Preprints
https://doi.org/10.5194/egusphere-2023-1784
https://doi.org/10.5194/egusphere-2023-1784
13 Sep 2023
 | 13 Sep 2023

Thermal infrared shadow-hiding in GOES-R ABI imagery: snow and forest temperature observations from the SnowEx 2020 Grand Mesa field campaign

Steven J. Pestana, C. Chris Chickadel, and Jessica D. Lundquist

Abstract. The high temporal resolution of thermal infrared imagery from the geostationary GOES-R satellites presents an opportunity to observe mountain snow and forest temperatures over the full diurnal cycle. However, the off-nadir views of these imagers may impact or bias surface temperature observations, especially when viewing a surface composed of both snow and forests. We used GOES-16 and -17 thermal infrared brightness temperature observations of a flat snow and forest-covered study site at Grand Mesa, Colorado, USA, to characterize how forest coverage and view angle impact these observations. These two geostationary satellites provided views of the study area from the southeast (134.1° azimuth, 33.5° elevation) and southwest (221.2° azimuth, 35.9° elevation) respectively. Coincident ground-based and airborne IR observations collected as part of the NASA SnowEx field campaign in February 2020 provided a rich dataset for comparison. Observations over the course of two cloud-free days spanned the entire study site. The surface temperature observations from each dataset were compared to find their relative differences, and how those differences may have varied over time or as a function of varying forest cover across the study area. GOES-16 and -17 surface brightness temperatures were found to match the diurnal cycle and temperature range within ~1 hour and ± 3 °C of ground-based observations. GOES-16 and -17 were both biased warmer than nadir-looking airborne IR and ASTER observations. The warm biases were higher at times when the sun-satellite phase angle was near its daily minimum, and the warm biases seen in GOES-16 were greater for pixels that contained more forest coverage. The observations suggest that a “thermal infrared shadow-hiding” effect may be occurring, where the geostationary satellites are preferentially seeing the warmer sunlit sides of trees at different times of day. These biases are important to understand for applications using GOES-R ABI for surface temperatures over areas with surface roughness features, such as forests, that could exhibit a thermal infrared shadow-hiding effect.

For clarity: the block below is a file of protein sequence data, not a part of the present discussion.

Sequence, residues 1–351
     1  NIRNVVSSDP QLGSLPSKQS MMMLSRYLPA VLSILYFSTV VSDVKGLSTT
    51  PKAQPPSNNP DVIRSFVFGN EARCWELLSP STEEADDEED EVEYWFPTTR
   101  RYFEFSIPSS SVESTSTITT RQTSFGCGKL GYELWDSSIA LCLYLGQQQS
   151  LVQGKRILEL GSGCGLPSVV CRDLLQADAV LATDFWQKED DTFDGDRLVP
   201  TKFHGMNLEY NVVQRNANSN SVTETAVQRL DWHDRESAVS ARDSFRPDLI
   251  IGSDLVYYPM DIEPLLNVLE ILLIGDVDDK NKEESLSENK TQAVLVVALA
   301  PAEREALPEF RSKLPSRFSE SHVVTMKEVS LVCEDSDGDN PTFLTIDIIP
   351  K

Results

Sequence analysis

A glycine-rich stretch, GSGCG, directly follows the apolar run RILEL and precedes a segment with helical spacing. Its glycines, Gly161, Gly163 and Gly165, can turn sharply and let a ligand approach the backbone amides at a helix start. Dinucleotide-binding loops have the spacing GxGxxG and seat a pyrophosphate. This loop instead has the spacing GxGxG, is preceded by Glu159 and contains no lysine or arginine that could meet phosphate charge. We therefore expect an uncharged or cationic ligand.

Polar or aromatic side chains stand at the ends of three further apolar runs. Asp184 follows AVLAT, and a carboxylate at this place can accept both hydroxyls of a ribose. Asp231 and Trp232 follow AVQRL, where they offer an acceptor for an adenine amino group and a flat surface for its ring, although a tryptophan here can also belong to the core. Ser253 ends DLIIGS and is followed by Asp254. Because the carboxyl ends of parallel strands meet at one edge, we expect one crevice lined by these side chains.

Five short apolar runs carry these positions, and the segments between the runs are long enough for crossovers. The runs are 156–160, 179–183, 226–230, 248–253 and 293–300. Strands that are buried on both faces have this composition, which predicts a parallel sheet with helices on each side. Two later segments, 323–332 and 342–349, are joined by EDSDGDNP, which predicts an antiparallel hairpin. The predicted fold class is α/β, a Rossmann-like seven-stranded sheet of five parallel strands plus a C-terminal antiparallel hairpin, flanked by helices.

Steven J. Pestana, C. Chris Chickadel, and Jessica D. Lundquist

Status: closed

Comment types: AC – author | RC – referee | CC – community | EC – editor | CEC – chief editor | : Report abuse
  • RC1: 'Comment on egusphere-2023-1784', Anonymous Referee #1, 16 Oct 2023
    • AC1: 'Reply on RC1', Steven Pestana, 17 Jan 2024
  • RC2: 'Comment on egusphere-2023-1784', Anonymous Referee #2, 29 Nov 2023
    • AC2: 'Reply on RC2', Steven Pestana, 17 Jan 2024
  • RC3: 'Comment on egusphere-2023-1784', Anonymous Referee #3, 19 Dec 2023
    • AC3: 'Reply on RC3', Steven Pestana, 17 Jan 2024

Status: closed

Comment types: AC – author | RC – referee | CC – community | EC – editor | CEC – chief editor | : Report abuse
  • RC1: 'Comment on egusphere-2023-1784', Anonymous Referee #1, 16 Oct 2023
    • AC1: 'Reply on RC1', Steven Pestana, 17 Jan 2024
  • RC2: 'Comment on egusphere-2023-1784', Anonymous Referee #2, 29 Nov 2023
    • AC2: 'Reply on RC2', Steven Pestana, 17 Jan 2024
  • RC3: 'Comment on egusphere-2023-1784', Anonymous Referee #3, 19 Dec 2023
    • AC3: 'Reply on RC3', Steven Pestana, 17 Jan 2024
Steven J. Pestana, C. Chris Chickadel, and Jessica D. Lundquist

Model code and software

spestana/snowex2020 Steven Pestana https://doi.org/10.5281/zenodo.8209719

Steven J. Pestana, C. Chris Chickadel, and Jessica D. Lundquist

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Short summary
We compared infrared images taken by GOES-R satellites of an area with snow and forests against surface temperature measurements taken on the ground, from an aircraft, and by another satellite. We found that GOES-R measured warmer temperatures than the other measurements, especially in areas with more forest, and when the sun was behind the satellite. From this work, we’ve learned that the position of the sun and surface features such as trees that can cast shadows impact GOES-R infrared images.